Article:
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'L-o-l-a" spells preservation. Ray Davies of the Kinks (foreground) used his music to oppose the rapacious development in postwar Britain.
On this sideof the Atlantic, the Kinks are best known for their 1970 song “Lola,” about a young man’s encounter with a transvestite, and for the raw power chords of two hits from 1964: “You Really Got Me” and “All Day and All of the Night.” But between those milestones in the band’s long career (the Kinks formed in 1963 and only officially split up in 1996), they recorded their quiet masterpiece The Kinks Are the Village Green Preservation Society (1968). A musical departure for the band, this album was also the first chapter in what became a sustained commentary by the band’s lead singer and songwriter, Ray Davies, on the built environment of postwar Britain.
The opening song is a manifesto, by turns serious and silly: “We are the Office Block Persecution Affinity / God save little shops, china cups, and virginity.” The threatened vitality of England’s traditional towns and villages became such a preoccupation for Davies that he eventually wrote a rock opera about it, Preservation (Acts 1 and 2), released in 1973–74. The villain of that piece—not the band’s finest outing, musically—is a predatory real estate developer.
Village Green reveals Davies as a great songwriter and a man who was, to quote Ezra Pound, “out of key with his time”: While things were swinging on London’s Carnaby Street, Davies stuck around the north London suburb of Muswell Hill, where he’d grown up, to write songs about strawberry jam and Tudor houses. Not surprisingly, the album was a commercial flop. Its 1969 follow-up, Arthur (Or the Decline and Fall of the British Empire), fared a little better. Arthur sketches the arc of 20th century British history through the story of its titular character, an everyman based on Davies’ brother-in-law.
When listened to carefully, Village Green and Arthur prove that Davies’ surface nostalgia is really something deeper—it’s a conviction that beloved places, and the memories they hold, must be sheltered from the sweep of conformity; and it’s an indictment of the British class system that literally puts people in their place.
Credit: Mike Morgan
Amanda Kolson Hurley is a senior editor at ARCHITECT. She has written for publications including Preservation, the Baltimore magazine Urbanite, and the Times Literary Supplement. She lives outside Washington, D.C.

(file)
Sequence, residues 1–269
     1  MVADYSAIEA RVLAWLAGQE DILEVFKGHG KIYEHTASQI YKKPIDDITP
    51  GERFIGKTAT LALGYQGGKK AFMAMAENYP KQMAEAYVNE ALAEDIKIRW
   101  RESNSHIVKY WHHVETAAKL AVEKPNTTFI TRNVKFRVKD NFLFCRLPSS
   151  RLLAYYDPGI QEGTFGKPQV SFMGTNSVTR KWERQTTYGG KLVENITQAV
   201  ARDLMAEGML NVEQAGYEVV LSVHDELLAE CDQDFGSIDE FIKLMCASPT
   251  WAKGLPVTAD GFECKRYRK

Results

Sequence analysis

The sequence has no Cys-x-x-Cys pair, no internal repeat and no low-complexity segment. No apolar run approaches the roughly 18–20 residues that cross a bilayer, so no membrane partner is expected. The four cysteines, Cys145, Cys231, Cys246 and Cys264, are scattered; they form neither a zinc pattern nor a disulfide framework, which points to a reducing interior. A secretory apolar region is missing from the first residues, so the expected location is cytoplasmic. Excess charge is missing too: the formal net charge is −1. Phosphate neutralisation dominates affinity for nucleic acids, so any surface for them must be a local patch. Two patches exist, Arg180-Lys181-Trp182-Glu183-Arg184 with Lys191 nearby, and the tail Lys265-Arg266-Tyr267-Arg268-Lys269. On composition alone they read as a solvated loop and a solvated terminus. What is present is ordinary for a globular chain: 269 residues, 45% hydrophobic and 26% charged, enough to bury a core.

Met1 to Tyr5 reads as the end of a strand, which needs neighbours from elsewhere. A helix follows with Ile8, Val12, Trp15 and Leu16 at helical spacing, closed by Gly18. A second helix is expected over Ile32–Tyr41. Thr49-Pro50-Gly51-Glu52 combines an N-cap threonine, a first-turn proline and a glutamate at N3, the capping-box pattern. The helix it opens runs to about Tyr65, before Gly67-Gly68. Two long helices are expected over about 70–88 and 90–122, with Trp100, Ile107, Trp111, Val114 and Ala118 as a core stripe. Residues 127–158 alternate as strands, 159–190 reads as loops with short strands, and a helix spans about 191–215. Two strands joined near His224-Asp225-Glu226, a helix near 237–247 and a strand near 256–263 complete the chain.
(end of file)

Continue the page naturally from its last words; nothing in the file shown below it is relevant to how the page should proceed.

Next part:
The most subtle of Davies’ meditations on place and class is “Shangri-La,” from Arthur. Even the song’s title is ironic: The British tradition of giving one’s house a name often results in a comical gap between grandiose pretensions (Shangri-la is a fictional paradise) and prosaic environs. What makes the song so effective is its ambivalence about suburbia—how pitiful, it suggests, that the sum of anyone’s ambition is to take out a mortgage on a bland suburban box. Yet in the eyes of Davies’ working-class hero, a modest house with an indoor toilet really is paradise:
Here’s your reward for working so hard
Gone are the lavatories in the back yard
Gone are the days when you dreamed of that car
You just want to sit in your Shangri-la
Put on your slippers and sit by the fire
You’ve reached your top and you just can’t get any higher
You're in your place and you know where you are
In your Shangri-la
“You’re in your place and you know where you are”: At the same time that it undercuts Arthur’s contentment, the lyric also affirms it. Perhaps Davies’ fondness for the real-life Arthur—whom he regarded as a good but frustrated man—and his own working-class, suburban upbringing made him able to identify with those who moved to the suburbs for a better life. In any case, such generosity is notably absent from a better-known musical put-down of suburbia, Malvina Reynolds’ 1963 song “Little Boxes” (once described by Tom Lehrer as “the most sanctimonious song ever written”).
Davies sharpened his tone in response to urban renewal. The album Muswell Hillbillies (1971) marries bluesy rock to lyrics that attack government-imposed conformity in the shape of eminent domain and modernization schemes. “Muswell Hillbilly” is the lament of a local man being forcibly moved to a new housing estate: “They can clear the slums as part of their solution / But they’re never going to kill my Cockney pride.” “Here Come the People in Grey” imagines the moment the same man (or one of his neighbors) receives the bad news:
I got a letter this morning with some serious news that’s gone and ruined my day
The borough surveyor’s used compulsory purchase to acquire my domain …
Here come the people in grey, they’re gonna take me away to Lord only knows where
Did the people in gray win? Muswell Hill is now one of the more desirable neighborhoods in London (it can hardly be considered a suburb, given London’s outward growth over the past 40 years). Houses like the one Davies bought for a mere 9,000 pounds (about $14,000) can command more than a million today. Maybe one type of conformity—that of granite countertops and closets stuffed with designer suits, some in gray, no doubt—has simply replaced another. ?